Oysters in danger of extinction

By Astrid Madsen - 14 Feb 2011 15:1:1 GMT
Oysters in danger of extinction

Over the past century 85% of oyster reefs have been lost globally, and in most bays 90% of them are functionally extinct. That's according to a study published in the journal Bioscience by a team of American marine scientists.

This is not only bad news for those who like to eat the mollusks, it's also worrying for the world's ecosystems. Oysters filter harmful pollutants and clear up the muddy waters they inhabit, all of which is quite important to keep bays clean of suspended solids and nitrates. As ''ecosystem engineers'' oyster reefs also help protect our shorelines from erosion and storms and provide a habitat - and food source - for fish, crabs and birds, among others.

Oysters are in fact not only threatened by external factors such as alterations in freshwater flow but also by decades of over harvesting, which in the case of trawling has led to sedimentation. Damage continues to be made by oysters being harvested without considering the impact it has on the reefs, and by the introduction of non-native species to replace native ones despite this practice being linked with an increased risk of disease. Oysters are, perhaps unsurprisingly, quite resilient and as such the vast majority of the reefs affected were significantly damaged not by one but by multiple causes.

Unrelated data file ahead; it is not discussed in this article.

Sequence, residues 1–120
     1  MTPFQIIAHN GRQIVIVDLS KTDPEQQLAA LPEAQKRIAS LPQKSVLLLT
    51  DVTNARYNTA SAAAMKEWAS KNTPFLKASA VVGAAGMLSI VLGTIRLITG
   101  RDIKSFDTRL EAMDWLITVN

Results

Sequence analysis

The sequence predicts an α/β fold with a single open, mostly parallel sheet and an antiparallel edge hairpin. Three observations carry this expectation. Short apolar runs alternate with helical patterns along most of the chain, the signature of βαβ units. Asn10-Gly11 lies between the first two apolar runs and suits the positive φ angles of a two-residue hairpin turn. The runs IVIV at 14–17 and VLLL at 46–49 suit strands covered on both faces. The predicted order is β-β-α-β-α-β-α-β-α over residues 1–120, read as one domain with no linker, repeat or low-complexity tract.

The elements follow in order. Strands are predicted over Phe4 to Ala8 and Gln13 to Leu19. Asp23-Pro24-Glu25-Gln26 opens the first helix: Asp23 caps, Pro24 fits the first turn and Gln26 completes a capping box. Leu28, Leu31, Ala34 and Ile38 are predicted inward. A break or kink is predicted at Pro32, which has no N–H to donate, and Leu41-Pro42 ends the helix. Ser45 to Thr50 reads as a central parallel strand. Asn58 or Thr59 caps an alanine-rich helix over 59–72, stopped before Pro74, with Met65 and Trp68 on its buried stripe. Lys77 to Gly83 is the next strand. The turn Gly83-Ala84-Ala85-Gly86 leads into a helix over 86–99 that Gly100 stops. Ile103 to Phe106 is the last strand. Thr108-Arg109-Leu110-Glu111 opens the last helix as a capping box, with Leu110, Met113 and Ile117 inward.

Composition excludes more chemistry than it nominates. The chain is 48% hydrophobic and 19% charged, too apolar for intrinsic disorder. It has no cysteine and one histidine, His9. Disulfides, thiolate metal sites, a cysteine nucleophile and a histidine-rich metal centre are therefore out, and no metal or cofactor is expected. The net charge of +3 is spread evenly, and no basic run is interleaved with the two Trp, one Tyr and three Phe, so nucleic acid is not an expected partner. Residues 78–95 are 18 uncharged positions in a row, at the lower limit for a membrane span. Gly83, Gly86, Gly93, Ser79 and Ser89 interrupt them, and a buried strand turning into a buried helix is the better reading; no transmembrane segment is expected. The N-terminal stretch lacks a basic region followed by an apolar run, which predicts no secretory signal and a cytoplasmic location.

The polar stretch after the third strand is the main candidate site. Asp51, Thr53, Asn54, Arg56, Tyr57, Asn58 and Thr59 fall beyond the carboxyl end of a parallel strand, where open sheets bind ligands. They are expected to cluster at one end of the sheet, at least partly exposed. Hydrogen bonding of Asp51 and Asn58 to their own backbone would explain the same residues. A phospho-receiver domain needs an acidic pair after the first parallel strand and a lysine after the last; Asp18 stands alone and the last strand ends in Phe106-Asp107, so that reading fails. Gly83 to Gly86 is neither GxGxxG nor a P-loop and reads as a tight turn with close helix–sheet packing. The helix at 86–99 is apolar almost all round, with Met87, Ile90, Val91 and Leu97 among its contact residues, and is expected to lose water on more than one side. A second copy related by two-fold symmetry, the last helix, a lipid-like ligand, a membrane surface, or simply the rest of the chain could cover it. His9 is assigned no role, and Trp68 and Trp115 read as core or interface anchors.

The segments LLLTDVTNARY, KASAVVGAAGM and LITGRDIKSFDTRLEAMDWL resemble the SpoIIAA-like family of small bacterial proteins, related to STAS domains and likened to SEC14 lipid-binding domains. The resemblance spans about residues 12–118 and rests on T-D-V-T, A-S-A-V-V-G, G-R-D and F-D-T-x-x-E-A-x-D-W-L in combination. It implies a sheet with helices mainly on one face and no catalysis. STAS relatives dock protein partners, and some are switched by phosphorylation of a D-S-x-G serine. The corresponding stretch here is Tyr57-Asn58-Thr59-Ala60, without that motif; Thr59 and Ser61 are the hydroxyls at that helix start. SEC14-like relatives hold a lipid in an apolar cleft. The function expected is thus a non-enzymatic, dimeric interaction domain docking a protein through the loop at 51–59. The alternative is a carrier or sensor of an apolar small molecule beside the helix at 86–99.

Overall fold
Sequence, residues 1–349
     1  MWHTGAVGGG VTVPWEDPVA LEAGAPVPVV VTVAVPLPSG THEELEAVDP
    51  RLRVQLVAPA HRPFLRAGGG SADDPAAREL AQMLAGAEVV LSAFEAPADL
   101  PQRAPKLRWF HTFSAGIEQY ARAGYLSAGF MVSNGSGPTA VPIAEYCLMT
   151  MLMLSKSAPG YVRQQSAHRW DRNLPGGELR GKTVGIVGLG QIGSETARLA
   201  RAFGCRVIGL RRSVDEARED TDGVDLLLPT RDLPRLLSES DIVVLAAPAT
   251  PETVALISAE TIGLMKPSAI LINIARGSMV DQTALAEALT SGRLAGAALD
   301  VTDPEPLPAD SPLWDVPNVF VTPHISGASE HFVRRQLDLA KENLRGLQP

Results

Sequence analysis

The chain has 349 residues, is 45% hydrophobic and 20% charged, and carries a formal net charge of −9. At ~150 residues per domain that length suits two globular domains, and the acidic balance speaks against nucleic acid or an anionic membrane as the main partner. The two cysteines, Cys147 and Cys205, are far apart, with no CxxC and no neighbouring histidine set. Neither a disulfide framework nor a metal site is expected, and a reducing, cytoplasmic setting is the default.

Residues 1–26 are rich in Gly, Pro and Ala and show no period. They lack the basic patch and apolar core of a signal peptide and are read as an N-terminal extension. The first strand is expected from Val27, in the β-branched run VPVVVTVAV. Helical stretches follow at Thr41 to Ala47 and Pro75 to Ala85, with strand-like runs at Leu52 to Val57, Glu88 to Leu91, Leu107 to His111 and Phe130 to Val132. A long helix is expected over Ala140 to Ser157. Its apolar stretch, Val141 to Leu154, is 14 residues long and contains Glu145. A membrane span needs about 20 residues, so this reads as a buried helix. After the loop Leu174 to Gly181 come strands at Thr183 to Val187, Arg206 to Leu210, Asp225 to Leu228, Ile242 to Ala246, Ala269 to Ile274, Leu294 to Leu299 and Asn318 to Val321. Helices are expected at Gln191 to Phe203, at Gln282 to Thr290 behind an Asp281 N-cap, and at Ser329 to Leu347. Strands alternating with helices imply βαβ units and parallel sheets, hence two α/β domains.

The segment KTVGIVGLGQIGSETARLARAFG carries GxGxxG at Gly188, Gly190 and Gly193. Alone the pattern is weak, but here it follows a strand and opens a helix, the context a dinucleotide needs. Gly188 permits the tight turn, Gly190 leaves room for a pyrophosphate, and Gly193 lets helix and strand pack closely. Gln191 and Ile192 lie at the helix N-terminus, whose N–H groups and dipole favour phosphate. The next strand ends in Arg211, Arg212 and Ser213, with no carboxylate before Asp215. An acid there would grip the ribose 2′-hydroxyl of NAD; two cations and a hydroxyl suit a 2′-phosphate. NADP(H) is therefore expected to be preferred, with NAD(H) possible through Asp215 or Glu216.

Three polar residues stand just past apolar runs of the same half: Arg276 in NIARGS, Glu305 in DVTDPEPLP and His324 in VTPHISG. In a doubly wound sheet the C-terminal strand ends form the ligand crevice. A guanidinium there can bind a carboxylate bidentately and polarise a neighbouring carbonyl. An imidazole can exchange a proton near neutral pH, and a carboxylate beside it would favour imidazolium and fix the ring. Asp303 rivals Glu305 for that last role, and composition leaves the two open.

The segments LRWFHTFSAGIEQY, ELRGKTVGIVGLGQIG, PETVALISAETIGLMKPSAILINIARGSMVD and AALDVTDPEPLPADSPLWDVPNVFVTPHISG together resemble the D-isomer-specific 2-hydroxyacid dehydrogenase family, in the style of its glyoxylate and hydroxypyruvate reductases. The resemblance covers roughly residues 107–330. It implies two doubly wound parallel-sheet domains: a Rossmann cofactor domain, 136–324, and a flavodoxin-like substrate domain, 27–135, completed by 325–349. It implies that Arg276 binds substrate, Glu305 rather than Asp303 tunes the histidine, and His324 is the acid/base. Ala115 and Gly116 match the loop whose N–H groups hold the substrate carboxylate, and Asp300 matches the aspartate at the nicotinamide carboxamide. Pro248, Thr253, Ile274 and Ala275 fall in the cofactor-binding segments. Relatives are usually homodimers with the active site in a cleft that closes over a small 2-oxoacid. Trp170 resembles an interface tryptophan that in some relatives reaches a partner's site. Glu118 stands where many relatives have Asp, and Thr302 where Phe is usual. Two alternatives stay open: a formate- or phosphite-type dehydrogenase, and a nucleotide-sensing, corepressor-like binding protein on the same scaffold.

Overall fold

The researchers point to some of the work being carried out worldwide on protecting and restoring/recovering reefs, highlighting that much can still be done, especially with regards to how restoration is perceived, including the notions that reefs are navigation hazards.

But little has actually been done to successfully protect oyster populations, and most reefs continue to be over harvested. This is in large part due to many stakeholders not believing this to be a major problem and to the perception that replacing native species with non-natives species is a successful strategy. Still, the researchers say that habitats can be successfully recovered - for all of those oyster lovers out there, let's hope they're right!